NEW DELHI : As winds begin to slow down and the National Capital Region (NCR) braces for another round of “severe" air quality days, the government on Monday rushed to put in place a 15-day action plan to fight the toxic smog.

The Parliament is set to debate the menace of air pollution on the second day of the winter session on Tuesday.

“Unfortunately, we have had a spate of bad meteorology in Delhi. But we are trying to prevent the situation from worsening. We are ready to experiment or pilot any new technology that can help us fight this problem," said C.K. Mishra, secretary at the ministry of environment, forests and climate change, at a media briefing.

The announcement was made, following a high-level pollution meeting earlier in the day, which was attended by government representatives from cities in the NCR, and officials from neighbouring Punjab, Haryana and Uttar Pradesh, including officials of the Central Pollution Control Board (CPCB).

“We found that apart from incursion from neighbouring states, the major sources of pollution in Delhi are local dust, the industries and vehicular emissions. For the latter, we have identified congestion points, where traffic will be regulated. We will actively carry out use of sprinklers, to settle down the dust in peak hours," said Mishra.

The 15-day period, according to the government, will witness a massive crackdown on violations, especially on illegal construction and demolition, disposal of municipal solid waste and polluting industries. The government also plans to pave all the roads in Delhi-NCR by August 2020 to address the dust problem.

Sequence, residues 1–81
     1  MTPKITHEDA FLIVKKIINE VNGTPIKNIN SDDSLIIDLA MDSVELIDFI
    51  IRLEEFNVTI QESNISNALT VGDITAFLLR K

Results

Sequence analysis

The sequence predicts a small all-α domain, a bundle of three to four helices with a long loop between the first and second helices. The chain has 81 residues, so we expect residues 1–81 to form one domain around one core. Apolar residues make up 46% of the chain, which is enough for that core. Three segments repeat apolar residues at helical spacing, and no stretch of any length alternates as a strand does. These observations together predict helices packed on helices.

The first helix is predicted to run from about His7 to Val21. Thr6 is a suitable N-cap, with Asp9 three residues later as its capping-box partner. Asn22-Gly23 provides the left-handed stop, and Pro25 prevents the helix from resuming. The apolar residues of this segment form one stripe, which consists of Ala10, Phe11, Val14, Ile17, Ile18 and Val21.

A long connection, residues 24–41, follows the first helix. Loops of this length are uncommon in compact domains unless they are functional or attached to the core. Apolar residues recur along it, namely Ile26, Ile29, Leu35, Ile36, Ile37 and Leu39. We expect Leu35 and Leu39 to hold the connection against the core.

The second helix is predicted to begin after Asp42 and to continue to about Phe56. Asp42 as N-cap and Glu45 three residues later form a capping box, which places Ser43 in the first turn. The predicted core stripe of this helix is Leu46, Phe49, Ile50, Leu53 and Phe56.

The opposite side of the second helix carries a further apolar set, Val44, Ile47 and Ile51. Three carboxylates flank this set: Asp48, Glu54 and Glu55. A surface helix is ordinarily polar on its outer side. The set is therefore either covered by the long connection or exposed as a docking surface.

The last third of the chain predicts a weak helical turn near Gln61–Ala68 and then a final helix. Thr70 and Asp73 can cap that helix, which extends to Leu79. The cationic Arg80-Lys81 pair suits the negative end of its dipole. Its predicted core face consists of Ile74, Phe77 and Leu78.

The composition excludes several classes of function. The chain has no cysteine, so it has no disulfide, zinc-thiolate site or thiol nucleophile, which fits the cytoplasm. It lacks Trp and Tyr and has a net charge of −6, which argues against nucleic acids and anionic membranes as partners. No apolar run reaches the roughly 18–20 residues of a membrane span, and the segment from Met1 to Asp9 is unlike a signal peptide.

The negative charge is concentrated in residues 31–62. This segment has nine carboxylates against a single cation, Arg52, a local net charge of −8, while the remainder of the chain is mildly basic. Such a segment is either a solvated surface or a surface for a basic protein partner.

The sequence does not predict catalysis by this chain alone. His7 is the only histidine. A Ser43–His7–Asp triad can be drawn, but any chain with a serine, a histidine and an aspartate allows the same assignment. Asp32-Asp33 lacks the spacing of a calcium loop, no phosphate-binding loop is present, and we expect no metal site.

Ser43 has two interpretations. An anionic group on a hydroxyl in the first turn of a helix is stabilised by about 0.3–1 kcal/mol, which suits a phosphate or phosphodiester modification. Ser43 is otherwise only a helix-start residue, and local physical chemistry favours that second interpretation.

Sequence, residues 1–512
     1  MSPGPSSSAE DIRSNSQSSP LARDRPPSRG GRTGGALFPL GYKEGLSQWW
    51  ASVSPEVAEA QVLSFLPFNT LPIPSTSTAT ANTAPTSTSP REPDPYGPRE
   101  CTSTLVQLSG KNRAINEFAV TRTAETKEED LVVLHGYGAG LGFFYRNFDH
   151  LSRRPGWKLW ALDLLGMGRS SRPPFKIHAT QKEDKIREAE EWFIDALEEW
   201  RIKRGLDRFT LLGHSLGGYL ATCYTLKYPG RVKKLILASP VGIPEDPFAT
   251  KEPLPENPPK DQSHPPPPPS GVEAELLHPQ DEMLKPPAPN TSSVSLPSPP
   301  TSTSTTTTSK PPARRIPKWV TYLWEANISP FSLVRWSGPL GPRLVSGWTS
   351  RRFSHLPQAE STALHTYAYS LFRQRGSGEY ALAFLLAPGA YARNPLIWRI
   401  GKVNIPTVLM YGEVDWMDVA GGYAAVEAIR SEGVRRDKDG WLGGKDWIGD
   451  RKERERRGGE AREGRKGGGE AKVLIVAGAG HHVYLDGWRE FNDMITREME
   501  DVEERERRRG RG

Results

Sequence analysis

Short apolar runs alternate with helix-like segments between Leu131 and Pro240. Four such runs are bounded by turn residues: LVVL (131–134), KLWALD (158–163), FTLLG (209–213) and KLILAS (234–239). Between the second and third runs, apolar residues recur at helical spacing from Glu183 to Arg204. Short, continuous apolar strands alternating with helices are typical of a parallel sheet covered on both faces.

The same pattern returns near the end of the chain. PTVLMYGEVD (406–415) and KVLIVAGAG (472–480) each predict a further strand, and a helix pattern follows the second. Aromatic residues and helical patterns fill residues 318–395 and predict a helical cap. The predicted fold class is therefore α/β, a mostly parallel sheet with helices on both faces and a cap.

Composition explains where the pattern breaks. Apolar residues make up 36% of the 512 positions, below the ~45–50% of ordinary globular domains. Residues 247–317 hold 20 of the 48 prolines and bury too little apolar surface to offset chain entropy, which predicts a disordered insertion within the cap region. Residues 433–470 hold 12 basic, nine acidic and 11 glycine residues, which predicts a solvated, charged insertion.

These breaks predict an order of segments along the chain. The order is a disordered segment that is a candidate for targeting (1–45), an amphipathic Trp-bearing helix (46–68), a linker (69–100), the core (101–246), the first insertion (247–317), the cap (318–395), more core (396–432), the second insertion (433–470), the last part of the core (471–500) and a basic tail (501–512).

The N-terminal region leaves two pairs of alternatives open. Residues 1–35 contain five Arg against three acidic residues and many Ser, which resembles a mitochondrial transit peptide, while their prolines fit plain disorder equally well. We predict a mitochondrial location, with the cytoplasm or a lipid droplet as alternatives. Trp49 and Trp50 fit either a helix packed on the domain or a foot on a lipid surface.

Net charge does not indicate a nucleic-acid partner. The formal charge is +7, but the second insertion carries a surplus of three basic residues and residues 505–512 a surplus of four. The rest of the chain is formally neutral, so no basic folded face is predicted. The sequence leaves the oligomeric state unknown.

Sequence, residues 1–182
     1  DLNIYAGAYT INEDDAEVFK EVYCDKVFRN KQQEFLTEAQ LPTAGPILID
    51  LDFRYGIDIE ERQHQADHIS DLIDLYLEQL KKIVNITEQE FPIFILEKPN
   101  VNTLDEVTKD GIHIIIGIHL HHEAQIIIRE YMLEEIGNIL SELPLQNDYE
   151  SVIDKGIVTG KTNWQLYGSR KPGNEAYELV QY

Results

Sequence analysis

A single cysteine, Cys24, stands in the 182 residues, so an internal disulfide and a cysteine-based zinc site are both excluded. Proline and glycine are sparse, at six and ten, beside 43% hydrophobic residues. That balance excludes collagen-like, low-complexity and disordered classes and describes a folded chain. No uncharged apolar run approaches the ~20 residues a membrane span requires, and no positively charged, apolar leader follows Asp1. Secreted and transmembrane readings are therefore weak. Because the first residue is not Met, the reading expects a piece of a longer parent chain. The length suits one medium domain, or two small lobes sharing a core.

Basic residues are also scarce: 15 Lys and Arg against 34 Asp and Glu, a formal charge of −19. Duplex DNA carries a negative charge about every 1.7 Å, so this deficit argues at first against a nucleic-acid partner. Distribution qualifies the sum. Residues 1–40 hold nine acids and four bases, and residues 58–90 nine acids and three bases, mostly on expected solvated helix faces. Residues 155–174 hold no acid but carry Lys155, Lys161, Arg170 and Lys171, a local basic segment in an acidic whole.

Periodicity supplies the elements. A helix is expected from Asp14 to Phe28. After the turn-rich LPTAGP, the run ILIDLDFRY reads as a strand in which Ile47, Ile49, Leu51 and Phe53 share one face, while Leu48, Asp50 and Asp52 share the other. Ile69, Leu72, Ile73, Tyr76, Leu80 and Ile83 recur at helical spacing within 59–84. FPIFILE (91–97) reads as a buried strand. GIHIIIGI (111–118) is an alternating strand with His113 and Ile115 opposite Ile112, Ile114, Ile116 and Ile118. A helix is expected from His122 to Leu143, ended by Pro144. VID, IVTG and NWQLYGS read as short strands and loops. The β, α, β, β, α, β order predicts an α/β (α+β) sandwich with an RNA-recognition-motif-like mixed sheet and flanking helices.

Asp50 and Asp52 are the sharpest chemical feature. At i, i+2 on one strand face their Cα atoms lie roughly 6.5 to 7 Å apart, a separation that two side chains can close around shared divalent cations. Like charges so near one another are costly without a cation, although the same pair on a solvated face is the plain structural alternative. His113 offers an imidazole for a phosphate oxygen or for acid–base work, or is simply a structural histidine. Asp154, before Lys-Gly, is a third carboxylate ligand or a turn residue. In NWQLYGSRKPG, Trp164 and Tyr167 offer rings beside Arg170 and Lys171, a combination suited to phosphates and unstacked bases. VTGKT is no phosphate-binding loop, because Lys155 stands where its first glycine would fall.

The capital had heaved a sigh of relief over the weekend, with clear skies and air quality hovering over “moderate" (100-200) to “poor" (200-300) levels. But, according to the government’s air quality monitoring service, SAFAR-System of Air Quality and Weather Forecasting and Research, it may fall to “very poor" category in another two days, and touch “severe" (400-500) by 21 November.

Apart from calm winds, another factor playing spoilsport to Delhi’s clear blue skies is the change in the direction of winds carrying the biomass plume from neighbouring states to north-west. The contribution of stubble burning to Delhi’s pollution, which had come down to 3% last week, may again rise to 13% on Tuesday.


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